Everyone Has to Get Back to Work If We’re Going to Spend $133 Billion on Content in 2024
ManOfTheCenturyMovie Film Everyone Has to Get Back to Work If We’re Going to Spend $133 Billion on Content in 2024

Everyone Has to Get Back to Work If We’re Going to Spend $133 Billion on Content in 2024



Everyone Has to Get Back to Work If We’re Going to Spend $133 Billion on Content in 2024

All that free cash flow from a strike-plagued 2023 is burning a hole in Hollywood’s pockets. Time to get back to work.

The key players in film and television will spend a combined $132.7 billion on content in 2024, MoffettNathanson analyst Robert Fishman estimates. You know, if IATSE, the teamsters, and Hollywood Basic Crafts don’t walk out on AMPTP productions and onto the picket lines. But let’s be optimistic for a moment — much of the industry is.

Forty-five percent of below-the-line crew recently surveyed by entertainment-industry tracker ProdPro had a positive outlook for 2024 vs. 20 percent with a negative view. Businesses, like vendors, were even more optimistic: 54 percent had a positive outlook with 9 percent skewing negative.

Why the (relatively) sunny outlook ahead of another potential work stoppage? No one can afford another strike year. Ten billion dollars of production spending was put on hold due to the 2023 WGA and SAG-AFTRA strikes, ProdPro estimates, $3 billion of which is expected to begin principal photography in Q1 2024.

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Let’s get going, people.

In January, FilmLA president Paul Audley called the slow return to production “uncharted territory,” adding, “We have months to go before we can describe what the new normal looks like for filming in LA.”

Audley’s Los Angeles non-profit says local on-location production in the final quarter of 2023 dropped by more than one-third (36 percent) from the same period in 2022. A December 2023 Otis College of Art and Design Study found that nearly 25,000 entertainment workers in L.A. lost their jobs from April to December, while “the entertainment industry has lost nearly half of its post-pandemic gains as a result of the strikes.” TV series were hit harder than film; so long, Peak TV.

Last month, Audley told IndieWire there has been a “fair amount” of permit activity signaling the return to production, but that’s not the sort of phrasing that adds up to $133 billion.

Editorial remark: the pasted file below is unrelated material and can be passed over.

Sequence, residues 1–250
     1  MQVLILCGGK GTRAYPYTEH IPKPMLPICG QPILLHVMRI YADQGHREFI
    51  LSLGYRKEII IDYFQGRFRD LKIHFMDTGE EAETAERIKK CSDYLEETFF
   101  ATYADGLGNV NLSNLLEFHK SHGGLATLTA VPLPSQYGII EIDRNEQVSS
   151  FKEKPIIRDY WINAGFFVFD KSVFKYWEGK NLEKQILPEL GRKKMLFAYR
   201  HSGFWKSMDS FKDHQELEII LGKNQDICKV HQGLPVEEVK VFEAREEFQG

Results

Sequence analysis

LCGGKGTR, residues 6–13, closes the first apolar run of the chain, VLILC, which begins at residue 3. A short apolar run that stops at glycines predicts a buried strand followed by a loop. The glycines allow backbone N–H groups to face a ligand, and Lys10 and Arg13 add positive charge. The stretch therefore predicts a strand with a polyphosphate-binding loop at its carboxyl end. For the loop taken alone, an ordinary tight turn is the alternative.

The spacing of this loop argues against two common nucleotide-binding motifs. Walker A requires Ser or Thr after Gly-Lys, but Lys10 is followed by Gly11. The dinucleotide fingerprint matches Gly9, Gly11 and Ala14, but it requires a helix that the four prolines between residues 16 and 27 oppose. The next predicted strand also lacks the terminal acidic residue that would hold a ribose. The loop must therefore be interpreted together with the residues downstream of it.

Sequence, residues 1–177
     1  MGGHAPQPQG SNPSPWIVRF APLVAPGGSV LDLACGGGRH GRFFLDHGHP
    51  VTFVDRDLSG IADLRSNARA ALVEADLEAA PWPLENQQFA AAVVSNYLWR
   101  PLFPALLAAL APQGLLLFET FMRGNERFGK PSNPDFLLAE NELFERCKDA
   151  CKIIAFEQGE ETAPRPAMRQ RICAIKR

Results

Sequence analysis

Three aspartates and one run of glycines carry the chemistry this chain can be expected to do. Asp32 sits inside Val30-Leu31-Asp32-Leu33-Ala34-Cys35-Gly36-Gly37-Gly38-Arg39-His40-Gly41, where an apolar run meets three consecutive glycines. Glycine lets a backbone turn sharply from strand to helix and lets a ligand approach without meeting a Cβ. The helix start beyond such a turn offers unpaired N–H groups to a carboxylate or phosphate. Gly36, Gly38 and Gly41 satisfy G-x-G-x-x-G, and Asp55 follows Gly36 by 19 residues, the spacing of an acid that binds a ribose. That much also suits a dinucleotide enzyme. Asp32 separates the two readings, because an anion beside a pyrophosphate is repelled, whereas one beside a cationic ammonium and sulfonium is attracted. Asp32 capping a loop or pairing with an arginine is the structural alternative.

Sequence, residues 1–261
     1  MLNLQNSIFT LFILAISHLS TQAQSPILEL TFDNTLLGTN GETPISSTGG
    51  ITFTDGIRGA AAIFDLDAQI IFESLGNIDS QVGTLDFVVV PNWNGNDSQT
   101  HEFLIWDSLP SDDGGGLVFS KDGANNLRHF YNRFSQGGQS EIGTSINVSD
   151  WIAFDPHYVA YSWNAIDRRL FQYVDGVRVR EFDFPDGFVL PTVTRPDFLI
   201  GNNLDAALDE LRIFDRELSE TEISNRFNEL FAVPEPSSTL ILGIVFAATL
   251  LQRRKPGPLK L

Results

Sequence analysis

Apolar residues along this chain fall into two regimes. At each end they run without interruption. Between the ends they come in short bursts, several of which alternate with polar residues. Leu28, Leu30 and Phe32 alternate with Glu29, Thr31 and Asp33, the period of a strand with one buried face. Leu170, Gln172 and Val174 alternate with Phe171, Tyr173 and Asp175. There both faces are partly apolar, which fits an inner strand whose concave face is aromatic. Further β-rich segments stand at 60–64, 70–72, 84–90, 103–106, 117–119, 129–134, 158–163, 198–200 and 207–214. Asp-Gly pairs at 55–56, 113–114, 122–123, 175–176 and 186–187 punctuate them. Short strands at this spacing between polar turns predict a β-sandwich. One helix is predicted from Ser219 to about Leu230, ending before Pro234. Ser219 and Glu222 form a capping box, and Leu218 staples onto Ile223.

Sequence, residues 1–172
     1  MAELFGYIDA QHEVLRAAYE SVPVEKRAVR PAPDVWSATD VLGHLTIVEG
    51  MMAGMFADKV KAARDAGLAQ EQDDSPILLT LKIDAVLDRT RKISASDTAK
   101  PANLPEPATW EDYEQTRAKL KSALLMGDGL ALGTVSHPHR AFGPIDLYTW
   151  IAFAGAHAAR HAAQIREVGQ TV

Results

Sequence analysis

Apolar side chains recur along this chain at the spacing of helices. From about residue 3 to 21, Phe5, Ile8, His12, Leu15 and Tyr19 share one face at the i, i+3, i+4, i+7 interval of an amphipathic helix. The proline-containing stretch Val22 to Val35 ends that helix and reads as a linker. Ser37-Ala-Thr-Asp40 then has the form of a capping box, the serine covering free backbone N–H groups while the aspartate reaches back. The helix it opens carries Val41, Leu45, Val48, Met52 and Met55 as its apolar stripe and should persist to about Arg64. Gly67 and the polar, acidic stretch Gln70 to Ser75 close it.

What does? About three-quarters (74 percent, to be precise) of the estimated content spend will come from the old guard — Fox, Disney, AMC Networks, NBCUniversal, Paramount, and Warner Bros. Discovery — per Fishman’s compilation. The rest is new money: Amazon, Apple, and Netflix. The tech companies are still spending pretty liberally, with at least Amazon and Apple expected to open their checkbooks even more than before. It’s belt-tightening time for legacy media.

Even if everyone gets back on the ball and hits their 2024 content-spend number, it will still be less on a whole than 2022, the last non-strike year; the same goes for 2025. At some point along the way, Wall Street’s messaging about profit over growth got through to the CEOs.

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Content spend 2022-2025, Courtesy of MoffettNathanson

One in particular, Disney’s Bob Iger, has taken a chainsaw to his former content budget. Per the company’s 10-Q filing in February, Disney will spend just $24 billion across films and series. The plan for 2023 had been $30 billion; in 2022, Disney spent $33 billion on content, way up from $25 billion in 2021.

Drastic times call for drastic cuts. Iger has already promised profitability at Disney+ by the final quarter of fiscal 2024, which for Disney is July 1, 2024-September 30, 2024. A quick accounting lesson: Profit = Revenues – Costs.

To swing from a loss to a profit, a company must increase its revenue or lower its costs. If you’re Disney, you do both.

In October 2023, Disney+ raised its prices — just like it did in December 2022. And Disney+ has already added an ad-supported tier and is finalizing its paid-sharing rollout as you read this; there’s your additional revenue stream.

In his Friday, March 11, 2024 note to clients (obtained by IndieWire), Fishman acknowledged there are “cost efficiencies” to be found for Disney+ (and Hulu) “through the optimization of distribution costs.” However, “the true engine” of the streaming business is control over one’s content spend. Even retroactive “control” can work in a pinch.

To that end, Iger has quietly killed a few projects before they saw the light of day, removed existing (but underperforming) films and series from Disney+, and has spoken endlessly about the need for Disney to emphasize quality over quantity. David Greenbaum, you have your marching orders.

Still, Disney lost $138 million from streaming over the final three months of 2023, which was its first quarter of fiscal 2024. The clock is ticking on that whole profit thing.

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